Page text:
Both acupuncture and psychotherapy can help release difficult past experiences. When something difficult or traumatic happens in your life, your mind may continue to hold onto it and replay the memories. You might feel unable to control what is happening in your mind or body when you re-experience the emotions from the past. These memories and symptoms might leave you feeling anxious and afraid or depressed and hopeless. You might even find that you’re turning to negative coping strategies that make you feel even worse.
Download the flyer to find out more about how acupuncture with Katie Kelly, L.Ac. and psychotherapy with April Pojman, M.A. can help.
Did you recently return from an experience abroad? These creative half-day experiential workshops led by Karen Dunn, M.A and April Pojman, M.A. will help you understand the experience of culture shock, the loss you may feel in leaving your host country and challenges you may face during reintegration.
Two Boulder psychotherapists in private practice, Linda Weber, M.A. and April Pojman, M.A., offer EMDR trauma resolution therapy in Lyons to flood-impacted residents. Some clients may be eligible for the United Way voucher program to cover the cost of therapy. Services are by appointment at Lyons Yoga and Wellness or in Boulder. Counseling available in English and Spanish.
June 15, 2014:
Join April at a Grief Support Network event for an afternoon of creativity and community. Loss and grief are a normal part of life that we all experience. Participants will learn about the 5 main ways that people respond and adapt after a loss of some kind. We will make collage cards as a way to explore the strategies that people are currently using to cope and make sense of their loss. These collage images may represent how participants are feeling at the moment, some aspect of a memory they want to preserve, or a hope they have for the future.
Art is an age old route to healing; images and movement can help us to express ourselves in ways that words cannot. Giving our feelings, memories and hopes physical form can help us develop a deeper relationship with them and allow us to know our experience more fully. Creating art in community can alleviate the sense of aloneness and isolation that may occur after a loss.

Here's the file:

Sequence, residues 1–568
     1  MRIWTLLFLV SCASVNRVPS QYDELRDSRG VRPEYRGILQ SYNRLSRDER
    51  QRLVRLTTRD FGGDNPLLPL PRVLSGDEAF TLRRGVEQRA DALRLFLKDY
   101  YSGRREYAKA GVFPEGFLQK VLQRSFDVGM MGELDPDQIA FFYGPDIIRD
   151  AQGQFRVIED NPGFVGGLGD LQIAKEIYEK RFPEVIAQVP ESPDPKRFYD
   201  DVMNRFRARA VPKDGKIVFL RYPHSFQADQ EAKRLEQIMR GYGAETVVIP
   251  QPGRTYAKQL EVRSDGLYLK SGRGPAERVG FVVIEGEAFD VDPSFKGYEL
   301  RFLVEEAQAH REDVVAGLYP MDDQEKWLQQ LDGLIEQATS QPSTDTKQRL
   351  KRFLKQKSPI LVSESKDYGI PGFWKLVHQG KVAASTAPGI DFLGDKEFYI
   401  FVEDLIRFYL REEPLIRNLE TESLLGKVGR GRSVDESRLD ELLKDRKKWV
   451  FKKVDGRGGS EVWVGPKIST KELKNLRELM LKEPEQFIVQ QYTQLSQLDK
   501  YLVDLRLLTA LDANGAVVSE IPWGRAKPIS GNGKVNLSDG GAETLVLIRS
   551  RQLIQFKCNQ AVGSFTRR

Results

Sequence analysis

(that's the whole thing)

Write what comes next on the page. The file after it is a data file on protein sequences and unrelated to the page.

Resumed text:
August 30 & 31, 2014:
Inner Child Nature Retreats: Play Therapy for Adults
When is the last time you let yourself play like a kid? Do you remember what it's like to...
be absorbed in your own imagination...
get dirt under your fingernails...
watch a bug go about its day...
lose track of time...?
This is a playful invitation to go inside yourself, connect with nature and have fun with others. Getting in touch with your "inner child" is creative work that cultivates innocence, wonder, joy, and sensitivity and leads to some of the deepest realms of healing. Listening to younger parts of yourself is a potent way to free up more energy, creativity, and ultimately, a more vibrant adult life!
Sleeping in the Forest ~ Mary Oliver
I thought the earth remembered me, she
took me back so tenderly, arranging
her dark skirts, her pockets
full of lichens and seeds. I slept
as never before, a stone
on the riverbed, nothing
between me and the white fire of the stars
but my thoughts, and they floated
light as moths among the branches
of the perfect trees. All night
I heard the small kingdoms breathing
around me, the insects, and the birds
who do their work in the darkness. All night
I rose and fell, as if in water, grappling
with a luminous doom. By morning
I had vanished at least a dozen times
into something better.
September & October, 2016:
We Ask Too Little of the Body: An 8-week Experiment in Embodied Living for Women